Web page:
Proposal aims to lower max interchange fee large debit card issuers may receive for transactions, set up regular process for updates

The maximum interchange fee that a large debit card issuer can receive for a debit card transaction would be lowered under a proposal issued by the Federal Reserve Board Wednesday.

The proposal would also establish a regular process for updating the maximum amount every other year going forward, according to the agency.

The Fed said its proposal would adjust the interchange fee cap to reflect changes in issuer costs since it adopted a final rule on debit interchange in 2011. The rule was adopted in the wake of legislation (known as the Durbin Amendment, in recognition of its chief sponsor, Sen. Richard J. Durbin, D-Ill.) passed in 2010.

The Fed said that under its proposal issued Wednesday, the cap on an average-sized $50 debit card transaction would decline from 24.5 cents under the current rule to 17.7 cents under the proposal.

In addition, the agency said, its proposal would adopt an approach for future adjustments to the interchange fee cap, which would occur every other year based on issuer cost data gathered by the Federal Reserve from large debit card issuers.

According to the staff memo issued in conjunction with the proposal, the revisions would update all three components of the interchange fee cap based on the latest data reported to the Fed by covered issuers regarding debit card transactions performed in 2021.

Under the proposal, the base component would decrease from 21.0 to 14.4 cents, the ad valorem component would decrease from 5.0 basis points (multiplied by the value of the transaction) to 4.0 basis points (multiplied by the value of the transaction), and the fraud-prevention adjustment would increase from 1.0 cents to 1.3 cents.

The memo notes that the proposed base component was determined using a new methodology that is informed by the cumulative data that have been reported to the Fed every other year since the original rulemaking. This methodology, the memo states, targets full cost recovery over time for a significant majority of transactions across covered issuers through a formula that relates the base component to a key metric of covered issuer costs. By contrast, the proposed ad valorem component and proposed fraud-prevention adjustment were determined using generally the same methodologies used in the original rulemaking.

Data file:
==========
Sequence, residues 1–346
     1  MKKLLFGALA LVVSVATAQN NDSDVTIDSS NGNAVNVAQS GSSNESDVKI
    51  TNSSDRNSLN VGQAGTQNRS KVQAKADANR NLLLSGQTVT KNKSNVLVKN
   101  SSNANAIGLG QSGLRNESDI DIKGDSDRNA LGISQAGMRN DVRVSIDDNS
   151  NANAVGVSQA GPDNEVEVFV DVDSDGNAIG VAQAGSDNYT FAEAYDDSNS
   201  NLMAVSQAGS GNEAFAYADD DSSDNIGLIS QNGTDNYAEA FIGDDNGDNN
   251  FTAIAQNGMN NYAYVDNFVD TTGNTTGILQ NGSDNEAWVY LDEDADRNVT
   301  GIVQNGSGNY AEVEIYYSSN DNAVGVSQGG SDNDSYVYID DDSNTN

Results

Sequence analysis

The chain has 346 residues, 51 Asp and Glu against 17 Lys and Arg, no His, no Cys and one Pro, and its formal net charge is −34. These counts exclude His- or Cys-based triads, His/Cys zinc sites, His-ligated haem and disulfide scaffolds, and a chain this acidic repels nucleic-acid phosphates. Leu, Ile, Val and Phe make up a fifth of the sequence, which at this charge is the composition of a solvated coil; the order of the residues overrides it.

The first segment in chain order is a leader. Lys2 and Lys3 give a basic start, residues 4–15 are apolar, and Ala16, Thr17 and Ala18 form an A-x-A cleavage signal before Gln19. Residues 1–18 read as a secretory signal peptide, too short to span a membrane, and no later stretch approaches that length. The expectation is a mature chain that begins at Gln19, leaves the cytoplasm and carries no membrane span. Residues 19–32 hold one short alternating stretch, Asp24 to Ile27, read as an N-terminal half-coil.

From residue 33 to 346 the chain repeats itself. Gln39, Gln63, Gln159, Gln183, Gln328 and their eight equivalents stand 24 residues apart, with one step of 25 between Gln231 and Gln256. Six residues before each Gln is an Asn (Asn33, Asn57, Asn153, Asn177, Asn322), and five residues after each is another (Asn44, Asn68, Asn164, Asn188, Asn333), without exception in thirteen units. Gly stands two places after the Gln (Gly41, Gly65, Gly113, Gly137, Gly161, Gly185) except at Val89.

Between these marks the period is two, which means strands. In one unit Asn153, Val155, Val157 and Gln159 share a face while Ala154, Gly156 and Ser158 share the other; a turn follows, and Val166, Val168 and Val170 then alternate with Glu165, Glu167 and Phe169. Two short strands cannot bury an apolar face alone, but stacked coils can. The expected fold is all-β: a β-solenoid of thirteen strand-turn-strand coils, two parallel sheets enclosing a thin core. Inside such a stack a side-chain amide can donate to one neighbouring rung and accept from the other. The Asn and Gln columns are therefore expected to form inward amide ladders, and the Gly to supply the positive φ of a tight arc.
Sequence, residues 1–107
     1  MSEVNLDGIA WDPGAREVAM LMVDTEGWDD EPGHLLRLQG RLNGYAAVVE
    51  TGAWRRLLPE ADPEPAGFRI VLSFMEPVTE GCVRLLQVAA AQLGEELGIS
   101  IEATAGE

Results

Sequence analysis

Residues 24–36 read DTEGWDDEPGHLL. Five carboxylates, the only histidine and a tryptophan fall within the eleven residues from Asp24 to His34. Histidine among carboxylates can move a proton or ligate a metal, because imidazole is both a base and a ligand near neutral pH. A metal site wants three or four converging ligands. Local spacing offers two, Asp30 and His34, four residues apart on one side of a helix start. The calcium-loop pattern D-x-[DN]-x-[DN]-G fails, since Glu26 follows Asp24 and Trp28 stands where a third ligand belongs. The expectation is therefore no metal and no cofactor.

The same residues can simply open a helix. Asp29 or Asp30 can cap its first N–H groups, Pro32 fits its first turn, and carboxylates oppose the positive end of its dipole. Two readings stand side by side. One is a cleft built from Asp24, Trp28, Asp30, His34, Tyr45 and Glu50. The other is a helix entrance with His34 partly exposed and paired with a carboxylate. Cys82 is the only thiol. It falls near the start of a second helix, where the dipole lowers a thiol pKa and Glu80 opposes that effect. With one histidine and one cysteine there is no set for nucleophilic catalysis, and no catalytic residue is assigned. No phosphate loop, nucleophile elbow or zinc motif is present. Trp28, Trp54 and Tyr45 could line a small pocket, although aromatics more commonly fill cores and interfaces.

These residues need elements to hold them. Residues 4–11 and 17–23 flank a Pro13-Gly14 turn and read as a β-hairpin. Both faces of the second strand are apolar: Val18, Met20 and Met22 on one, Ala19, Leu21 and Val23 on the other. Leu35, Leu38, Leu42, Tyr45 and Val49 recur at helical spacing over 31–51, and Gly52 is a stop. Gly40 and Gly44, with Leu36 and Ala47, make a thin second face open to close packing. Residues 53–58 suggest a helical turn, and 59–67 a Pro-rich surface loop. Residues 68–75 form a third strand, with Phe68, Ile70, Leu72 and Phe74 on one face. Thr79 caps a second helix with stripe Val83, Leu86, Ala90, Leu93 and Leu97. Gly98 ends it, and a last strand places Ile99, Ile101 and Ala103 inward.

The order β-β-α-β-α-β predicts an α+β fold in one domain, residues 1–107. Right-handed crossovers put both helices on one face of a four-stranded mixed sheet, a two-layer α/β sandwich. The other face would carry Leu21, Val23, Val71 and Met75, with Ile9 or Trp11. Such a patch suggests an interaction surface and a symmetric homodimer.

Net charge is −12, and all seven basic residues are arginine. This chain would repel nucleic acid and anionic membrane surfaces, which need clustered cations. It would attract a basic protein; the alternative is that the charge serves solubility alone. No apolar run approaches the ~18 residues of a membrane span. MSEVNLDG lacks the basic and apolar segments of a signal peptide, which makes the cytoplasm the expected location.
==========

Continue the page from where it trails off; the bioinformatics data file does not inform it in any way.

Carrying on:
In addition to updating the interchange fee cap for the first time since the original rulemaking, the memo states, the proposed revisions would codify in regulation an approach for updating the three components of the interchange fee cap every other year going forward based on the latest data reported to the Fed Board by covered issuers.

“By directly linking the interchange fee cap to data from the Board’s biennial survey of covered issuers, this approach should ensure going forward that, to the extent practicable, any interchange fee subject to the cap will be reasonable and proportional to the cost incurred by the issuer with respect to the transaction, as required by the Durbin Amendment,” the memo states. “These future updates to the interchange fee cap would be published without inviting public comment and would be published by March 31 of odd-numbered years, with the new amounts taking effect on July 1 and remaining in effect for two years.”

While the Fed Board approved the proposal for a 90-day comment period, it was not issued without dissent: Gov. Michelle Bowman said she could not support the rule as proposed.

Federal Reserve Board requests comment on a proposal to lower the maximum interchange fee that a large debit card issuer can receive for a debit card transaction